PREMIER LEAGUE stakeholders will hold another conference call today — and unanimously agree they have no idea when football can return to action.
All manner of proposals will be put forward as to the best way of completing the virus- interrupted season.
But none of them will mean a thing until we know when this deadly pandemic is going to end — and that is the trillion-dollar question which absolutely no one has the answer to right now.
I expect the Prem to re-emphasise its complete commitment to avoid curtailing the campaign.
But I am completely committed to winning the lottery. Doesn’t mean it’s going to happen.
More and more Premier League teams are coming around to the idea of playing the remaining 92 fixtures behind closed doors, probably at neutral venues. Yet even that suggestion remains a million miles away while the country is in lockdown.
As Aston Villa skipper Jack Grealish found out to his cost this week, even two footballers getting together is absolutely forbidden at the moment.
So the idea of two full teams plus subs, match officials, coaches, medics, groundsmen and camera crews being allowed to congregate is fanciful in the extreme.
Even if clubs could somehow guarantee that everyone in the stadium was virus-free, they would still need Government backing for football to come out of isolation.
And getting any favours from the authorities seems highly unlikely in light of the way the game is carrying on during this crisis.
Ministers and MPs are rightly appalled that clubs such as Tottenham and Newcastle United have placed all their non-playing staff on furlough and requested a bail-out from the taxpayers.
It is a cynical ploy by the likes of Spurs chairman Daniel Levy and Toon owner Mike Ashley to ultimately slash their wage bills.
The gruesome twosome are prepared to take a short-term hit in terms of negative publicity if it leads to their players taking a long-term pay cut.
They are trying to publicly shame multi-millionaire footballers into accepting a wage cut to bail out hundreds of lower-paid workers.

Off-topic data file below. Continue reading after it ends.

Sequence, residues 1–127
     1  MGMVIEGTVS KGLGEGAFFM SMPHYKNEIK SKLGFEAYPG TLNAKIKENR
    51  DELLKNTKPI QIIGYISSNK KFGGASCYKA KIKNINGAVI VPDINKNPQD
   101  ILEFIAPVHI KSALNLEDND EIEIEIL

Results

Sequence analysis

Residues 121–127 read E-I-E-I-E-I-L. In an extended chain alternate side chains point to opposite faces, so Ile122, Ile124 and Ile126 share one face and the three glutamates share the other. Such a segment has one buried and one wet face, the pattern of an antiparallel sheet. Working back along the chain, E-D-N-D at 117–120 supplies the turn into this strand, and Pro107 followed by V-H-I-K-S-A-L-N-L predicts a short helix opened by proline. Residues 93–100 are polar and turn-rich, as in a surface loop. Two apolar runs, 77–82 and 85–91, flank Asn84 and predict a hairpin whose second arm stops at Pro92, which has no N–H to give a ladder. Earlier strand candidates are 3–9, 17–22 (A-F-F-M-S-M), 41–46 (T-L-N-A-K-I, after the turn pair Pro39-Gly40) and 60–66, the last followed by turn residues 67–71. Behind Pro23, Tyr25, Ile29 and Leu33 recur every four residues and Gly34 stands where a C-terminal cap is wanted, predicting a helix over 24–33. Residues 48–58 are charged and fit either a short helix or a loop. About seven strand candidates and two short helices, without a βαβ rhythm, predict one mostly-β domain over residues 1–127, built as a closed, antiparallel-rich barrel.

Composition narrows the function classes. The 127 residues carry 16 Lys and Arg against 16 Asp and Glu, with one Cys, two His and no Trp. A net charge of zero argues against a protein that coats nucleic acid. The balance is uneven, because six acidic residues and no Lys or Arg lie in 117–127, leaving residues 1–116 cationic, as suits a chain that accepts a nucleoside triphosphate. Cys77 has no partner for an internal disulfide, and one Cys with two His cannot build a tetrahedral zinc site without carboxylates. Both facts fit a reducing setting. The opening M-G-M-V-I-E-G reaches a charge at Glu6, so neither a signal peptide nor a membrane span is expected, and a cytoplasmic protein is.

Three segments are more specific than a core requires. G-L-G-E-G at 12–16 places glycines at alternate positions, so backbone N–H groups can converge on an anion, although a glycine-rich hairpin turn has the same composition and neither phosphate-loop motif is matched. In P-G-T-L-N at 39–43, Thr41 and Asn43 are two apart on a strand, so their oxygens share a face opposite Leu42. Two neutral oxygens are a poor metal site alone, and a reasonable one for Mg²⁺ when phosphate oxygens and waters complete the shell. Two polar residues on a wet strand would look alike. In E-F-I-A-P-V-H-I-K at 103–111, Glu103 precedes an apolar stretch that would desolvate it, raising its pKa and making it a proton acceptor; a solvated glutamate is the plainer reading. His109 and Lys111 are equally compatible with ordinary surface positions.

Gordon Taylor and the Professional Footballers’ Association have so far resisted calls for a collective deferral until they have been allowed to examine the accounts of the clubs.
The players’ union is right to remain suspicious of many club owners, who are seeking to use this crisis to wriggle out of their contractual obligations.
But football’s mega-wealthy really need to understand which way the wind is blowing because there’s a hurricane heading their way and it’s about to blow the whole house down.
The general public is looking for a scapegoat and the players are currently losing the PR war. They need to act fast to ensure they’re not holding the parcel of blame when the music stops.
At the moment they are coming across like Goodfellas mob boss Paulie leaning on struggling restaurants.
“Business is bad? F*** you, pay me. Oh, you had a fire? F*** you, pay me. Place got hit by lightning? F*** you, pay me.”
The reality is very different.
Hundreds of players have been making charitable donations and are helping out with community projects during this time of national emergency.
But unfortunately, it’s not enough to placate an increasingly anxious country which is now struggling to make ends meet. That’s why the well-intentioned #FootballUnited campaign seems to be struggling to reach its target of raising £100,000 to help local communities.
It’s a lovely idea but sceptical members of the public are left wondering why big stars can’t just donate the money themselves. Most players would willingly take a pay deferral to support their lower-paid colleagues and secure the survival of lower league clubs in danger of going into liquidation.
But many owners want way more than that.
They want players to renegotiate their contracts and in an ideal world they would also cut agents out of all future deals.
Football, like every other business, is living in extraordinary times and someone is going to have to pick up the tab when all this is finally over.
The Government has broken all its financial governance to save the country from going broke and somewhere down the line they will have to claw this money back.
So it comes as no surprise that the chairman of the Digital, Culture, Media and Sport Committee is now calling for a “windfall tax” on the Premier League's multi-billion-pound global television broadcast deals.
Julian Knight MP calls the current situation “obscene” — and he has given the clubs until next Tuesday to put their houses in order.
And if they continue to operate a two-tier system of paying their players but not the rest of their staff, he wants the Chancellor to intervene.
That would be the ultimate nightmare for clubs who are already leveraged up to their necks despite that annual windfall.
But after years of living beyond its means, football’s day of reckoning is coming much sooner than anyone bargained for.
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